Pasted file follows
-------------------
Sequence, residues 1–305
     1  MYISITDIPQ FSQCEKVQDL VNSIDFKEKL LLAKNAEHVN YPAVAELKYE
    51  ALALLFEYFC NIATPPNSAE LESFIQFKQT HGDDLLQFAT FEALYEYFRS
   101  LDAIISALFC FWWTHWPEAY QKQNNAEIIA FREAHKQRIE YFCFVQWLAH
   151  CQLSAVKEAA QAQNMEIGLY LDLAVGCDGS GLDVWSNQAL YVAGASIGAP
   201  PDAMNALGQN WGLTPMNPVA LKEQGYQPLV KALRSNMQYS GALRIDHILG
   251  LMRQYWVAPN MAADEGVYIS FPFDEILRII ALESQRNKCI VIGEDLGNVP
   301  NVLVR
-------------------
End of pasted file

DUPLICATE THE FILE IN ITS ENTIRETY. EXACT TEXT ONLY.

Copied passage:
Sequence, residues 1–305
     1  MYISITDIPQ FSQCEKVQDL VNSIDFKEKL LLAKNAEHVN YPAVAELKYE
    51  ALALLFEYFC NIATPPNSAE LESFIQFKQT HGDDLLQFAT FEALYEYFRS
   101  LDAIISALFC FWWTHWPEAY QKQNNAEIIA FREAHKQRIE YFCFVQWLAH
   151  CQLSAVKEAA QAQNMEIGLY LDLAVGCDGS GLDVWSNQAL YVAGASIGAP
   201  PDAMNALGQN WGLTPMNPVA LKEQGYQPLV KALRSNMQYS GALRIDHILG
   251  LMRQYWVAPN MAADEGVYIS FPFDEILRII ALESQRNKCI VIGEDLGNVP
   301  NVLVR